By CANDI MOWLEY
We can all agree on a few things in this painful time. Bombings are bad. Bombing injure people. Bombings destroy families. We all mourn the loss of our fallen police officers and civilians. The next important question is: how do we stop bombings in the future?
The answer is far simpler than it might seem. Why it’s within arm’s reach.
Let’s pause a moment to talk about what we should not do. Many will jump to conclusions about blaming all Muslims. These people will suggest jailing all Muslims or stopping Muslims from entering the U.S. simply because they have gripes with how our country treats other people. These are small minded solutions that blame millions for the transgressions of a few.
There is a way that is fair and would cost us nothing. Hear me out before you scoff. That way is through thousands – no, millions – of gentle, nurturing hugs.
You heard me, tough guy. Hugs!
Why hugs? How about science? You do believe in science, don’t you?
Studies show that men that try to commit terrorist acts or try to hurt people may really be crying out for help. They might have had difficult childhoods or struggled in their relationships with their parents.
Take 19-year-old Marathon bombing suspect Dzhokhar Tsarnaev. Little Tsarnaev was separated from his parents at a young age. He moved to a strange country with a strange language and was forced to adapt. No one taught him to avoid the violent images on our TV and video games. He fended for himself in a harsh concrete jungle.
All of this isolation and stress that befell little Tsarnaev can cause the release of steroid hormones known as glucocorticoids. These can lead to increased aggression along with suppression of rational thought. See a pattern?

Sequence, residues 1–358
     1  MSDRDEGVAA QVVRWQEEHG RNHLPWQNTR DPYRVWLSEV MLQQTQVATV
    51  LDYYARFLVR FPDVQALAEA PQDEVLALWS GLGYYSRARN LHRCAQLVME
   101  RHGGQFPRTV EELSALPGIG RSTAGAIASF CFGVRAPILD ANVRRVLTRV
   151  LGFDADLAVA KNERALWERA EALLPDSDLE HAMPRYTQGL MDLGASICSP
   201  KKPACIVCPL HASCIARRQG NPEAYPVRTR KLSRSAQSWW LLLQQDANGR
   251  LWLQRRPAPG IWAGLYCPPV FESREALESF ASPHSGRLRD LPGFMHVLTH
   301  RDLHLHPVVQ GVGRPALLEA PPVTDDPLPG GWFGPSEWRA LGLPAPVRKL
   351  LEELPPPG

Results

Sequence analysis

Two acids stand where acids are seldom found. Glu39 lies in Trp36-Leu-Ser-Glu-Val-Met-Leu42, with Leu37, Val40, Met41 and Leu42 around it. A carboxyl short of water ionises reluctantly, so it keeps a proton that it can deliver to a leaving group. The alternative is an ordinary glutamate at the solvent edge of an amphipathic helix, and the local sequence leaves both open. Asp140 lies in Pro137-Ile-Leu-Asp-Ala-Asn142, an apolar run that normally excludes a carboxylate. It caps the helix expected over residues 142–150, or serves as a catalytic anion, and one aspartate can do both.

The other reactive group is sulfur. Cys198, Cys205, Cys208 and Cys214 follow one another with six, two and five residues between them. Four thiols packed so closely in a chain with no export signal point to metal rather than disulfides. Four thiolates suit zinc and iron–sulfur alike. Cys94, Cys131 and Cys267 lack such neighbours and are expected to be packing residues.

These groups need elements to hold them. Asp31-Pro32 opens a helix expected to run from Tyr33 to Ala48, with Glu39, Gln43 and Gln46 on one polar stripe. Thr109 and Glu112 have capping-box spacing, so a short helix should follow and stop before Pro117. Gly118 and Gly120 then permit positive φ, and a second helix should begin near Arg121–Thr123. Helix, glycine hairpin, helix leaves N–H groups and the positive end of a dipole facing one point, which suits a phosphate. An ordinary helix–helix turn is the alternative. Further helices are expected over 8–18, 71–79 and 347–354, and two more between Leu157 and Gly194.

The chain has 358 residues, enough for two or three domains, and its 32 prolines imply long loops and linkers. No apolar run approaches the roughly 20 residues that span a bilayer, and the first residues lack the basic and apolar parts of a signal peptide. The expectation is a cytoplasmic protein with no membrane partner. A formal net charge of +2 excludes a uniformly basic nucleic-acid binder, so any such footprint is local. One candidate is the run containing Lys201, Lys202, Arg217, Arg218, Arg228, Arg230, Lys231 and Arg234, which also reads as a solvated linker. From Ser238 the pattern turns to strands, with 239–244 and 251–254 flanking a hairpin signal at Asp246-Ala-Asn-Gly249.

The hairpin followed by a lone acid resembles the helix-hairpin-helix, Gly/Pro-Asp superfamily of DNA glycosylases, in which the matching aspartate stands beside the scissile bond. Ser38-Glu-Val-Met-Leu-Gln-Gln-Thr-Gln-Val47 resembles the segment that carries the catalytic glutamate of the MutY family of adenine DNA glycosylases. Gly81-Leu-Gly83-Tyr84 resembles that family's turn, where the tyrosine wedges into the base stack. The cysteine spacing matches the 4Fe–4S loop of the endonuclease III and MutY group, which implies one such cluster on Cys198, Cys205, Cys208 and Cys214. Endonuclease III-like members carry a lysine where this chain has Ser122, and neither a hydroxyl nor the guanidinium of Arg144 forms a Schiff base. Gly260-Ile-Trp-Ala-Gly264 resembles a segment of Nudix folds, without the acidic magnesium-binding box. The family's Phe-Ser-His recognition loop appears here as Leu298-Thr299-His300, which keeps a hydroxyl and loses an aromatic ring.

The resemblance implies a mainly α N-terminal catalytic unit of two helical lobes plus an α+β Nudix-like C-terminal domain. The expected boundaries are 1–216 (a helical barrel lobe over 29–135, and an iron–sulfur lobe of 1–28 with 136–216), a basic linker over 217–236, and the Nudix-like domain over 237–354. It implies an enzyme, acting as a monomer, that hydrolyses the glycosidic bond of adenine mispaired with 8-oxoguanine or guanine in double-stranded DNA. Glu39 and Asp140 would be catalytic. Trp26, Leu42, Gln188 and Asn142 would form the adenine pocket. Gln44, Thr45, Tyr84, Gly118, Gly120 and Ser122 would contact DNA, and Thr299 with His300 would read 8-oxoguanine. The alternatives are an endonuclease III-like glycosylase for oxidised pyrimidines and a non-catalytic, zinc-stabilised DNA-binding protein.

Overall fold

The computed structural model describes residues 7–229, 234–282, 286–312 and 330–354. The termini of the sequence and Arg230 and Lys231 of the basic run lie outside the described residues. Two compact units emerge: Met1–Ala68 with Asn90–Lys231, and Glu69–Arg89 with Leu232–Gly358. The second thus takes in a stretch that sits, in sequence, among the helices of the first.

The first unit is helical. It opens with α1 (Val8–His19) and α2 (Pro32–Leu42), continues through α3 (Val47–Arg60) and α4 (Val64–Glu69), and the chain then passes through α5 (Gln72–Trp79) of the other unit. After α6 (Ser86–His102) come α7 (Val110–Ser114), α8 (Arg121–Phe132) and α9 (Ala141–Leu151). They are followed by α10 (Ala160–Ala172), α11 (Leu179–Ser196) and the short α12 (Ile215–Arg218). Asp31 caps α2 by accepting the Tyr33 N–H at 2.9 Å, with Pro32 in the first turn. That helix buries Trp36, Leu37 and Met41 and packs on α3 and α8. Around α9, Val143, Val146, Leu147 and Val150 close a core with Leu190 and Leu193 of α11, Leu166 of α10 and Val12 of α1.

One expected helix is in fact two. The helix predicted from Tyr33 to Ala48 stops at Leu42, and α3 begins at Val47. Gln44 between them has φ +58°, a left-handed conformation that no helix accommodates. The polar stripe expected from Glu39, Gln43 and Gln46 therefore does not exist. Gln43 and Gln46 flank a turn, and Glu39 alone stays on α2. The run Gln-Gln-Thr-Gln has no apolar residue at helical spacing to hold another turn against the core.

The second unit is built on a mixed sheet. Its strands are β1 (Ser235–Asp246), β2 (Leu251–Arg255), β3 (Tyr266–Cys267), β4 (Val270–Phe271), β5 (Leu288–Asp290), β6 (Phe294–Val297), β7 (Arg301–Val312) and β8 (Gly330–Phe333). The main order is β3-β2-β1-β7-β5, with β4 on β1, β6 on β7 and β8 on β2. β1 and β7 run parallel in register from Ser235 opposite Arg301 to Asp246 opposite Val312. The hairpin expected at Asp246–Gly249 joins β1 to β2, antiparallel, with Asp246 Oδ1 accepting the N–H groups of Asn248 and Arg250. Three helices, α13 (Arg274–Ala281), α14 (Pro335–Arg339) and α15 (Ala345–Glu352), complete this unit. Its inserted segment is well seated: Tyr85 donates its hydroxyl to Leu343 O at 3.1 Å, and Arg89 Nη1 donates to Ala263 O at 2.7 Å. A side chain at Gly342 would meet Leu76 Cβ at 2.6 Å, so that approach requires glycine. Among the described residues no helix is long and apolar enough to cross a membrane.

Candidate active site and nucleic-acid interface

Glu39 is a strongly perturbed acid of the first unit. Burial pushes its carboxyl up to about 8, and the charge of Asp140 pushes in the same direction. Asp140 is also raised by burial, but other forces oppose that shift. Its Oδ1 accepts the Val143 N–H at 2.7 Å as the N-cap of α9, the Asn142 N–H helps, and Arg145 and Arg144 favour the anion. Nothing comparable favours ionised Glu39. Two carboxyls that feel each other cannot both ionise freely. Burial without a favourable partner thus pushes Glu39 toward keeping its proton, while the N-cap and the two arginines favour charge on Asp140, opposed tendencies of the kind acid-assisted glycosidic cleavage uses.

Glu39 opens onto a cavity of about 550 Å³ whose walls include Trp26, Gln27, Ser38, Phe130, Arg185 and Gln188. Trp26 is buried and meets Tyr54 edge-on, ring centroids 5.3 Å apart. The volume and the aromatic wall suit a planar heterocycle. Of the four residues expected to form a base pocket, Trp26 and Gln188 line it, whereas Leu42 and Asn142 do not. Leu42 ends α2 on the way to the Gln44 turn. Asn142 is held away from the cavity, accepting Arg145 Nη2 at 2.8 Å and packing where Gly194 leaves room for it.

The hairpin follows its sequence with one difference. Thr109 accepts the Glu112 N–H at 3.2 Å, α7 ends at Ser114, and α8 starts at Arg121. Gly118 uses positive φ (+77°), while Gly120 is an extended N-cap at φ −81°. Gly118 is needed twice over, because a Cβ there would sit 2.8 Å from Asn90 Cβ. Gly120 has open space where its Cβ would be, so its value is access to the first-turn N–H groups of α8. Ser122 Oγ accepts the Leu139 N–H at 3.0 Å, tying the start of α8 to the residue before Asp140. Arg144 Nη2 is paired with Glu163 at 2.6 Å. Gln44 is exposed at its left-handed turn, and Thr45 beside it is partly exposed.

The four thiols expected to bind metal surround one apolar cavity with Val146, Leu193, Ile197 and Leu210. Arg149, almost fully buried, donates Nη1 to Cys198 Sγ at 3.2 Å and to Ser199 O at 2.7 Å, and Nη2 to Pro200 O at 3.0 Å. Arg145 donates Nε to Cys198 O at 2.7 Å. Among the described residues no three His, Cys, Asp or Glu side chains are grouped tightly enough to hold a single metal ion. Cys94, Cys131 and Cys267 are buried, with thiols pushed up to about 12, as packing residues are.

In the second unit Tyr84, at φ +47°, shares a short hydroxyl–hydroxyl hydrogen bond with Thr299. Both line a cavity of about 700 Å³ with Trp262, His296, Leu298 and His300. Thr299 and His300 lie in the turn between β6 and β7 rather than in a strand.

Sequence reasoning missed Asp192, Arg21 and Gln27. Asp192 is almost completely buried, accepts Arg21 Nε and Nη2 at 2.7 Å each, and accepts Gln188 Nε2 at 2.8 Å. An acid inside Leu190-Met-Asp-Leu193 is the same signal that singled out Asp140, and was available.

Santa Marino College psychology professor Margaret T. Wang says that every time a person is hugged, they begin to relax and the harmful effects of stress are neutralized. “Being hugged by another person immediately relaxes a person,” she said. “The heart rate drops, pleasant endorphins are released and the adrenaline level drops.” Their glucocorticoid levels also drop dramatically. “For some individuals suffering stress receiving a nice warm hug is all the treatment they need,” said Professor Wang.
So there you have it. The only question becomes how can our government mandate that Americans hug Muslim immigrants. Obviously, legislation will be needed and could be a part of the proposed immigration reform legislation. Or it could be introduced in Congress as a standalone bill. A cost-free law would be a nice change for politicians in Washington.
In any event, our choice is clear. We either hug Muslims or risk paying the ultimate price for our own insularity.
Candi Mowley is a Senior Analyst with the Third Way, a Washington, D.C.-based think tank.